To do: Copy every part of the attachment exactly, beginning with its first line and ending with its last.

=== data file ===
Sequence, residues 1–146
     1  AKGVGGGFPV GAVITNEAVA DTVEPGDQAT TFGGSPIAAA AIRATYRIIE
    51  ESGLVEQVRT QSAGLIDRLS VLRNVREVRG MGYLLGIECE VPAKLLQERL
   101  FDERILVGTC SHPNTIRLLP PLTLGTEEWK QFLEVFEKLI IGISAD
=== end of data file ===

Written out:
Sequence, residues 1–146
     1  AKGVGGGFPV GAVITNEAVA DTVEPGDQAT TFGGSPIAAA AIRATYRIIE
    51  ESGLVEQVRT QSAGLIDRLS VLRNVREVRG MGYLLGIECE VPAKLLQERL
   101  FDERILVGTC SHPNTIRLLP PLTLGTEEWK QFLEVFEKLI IGISAD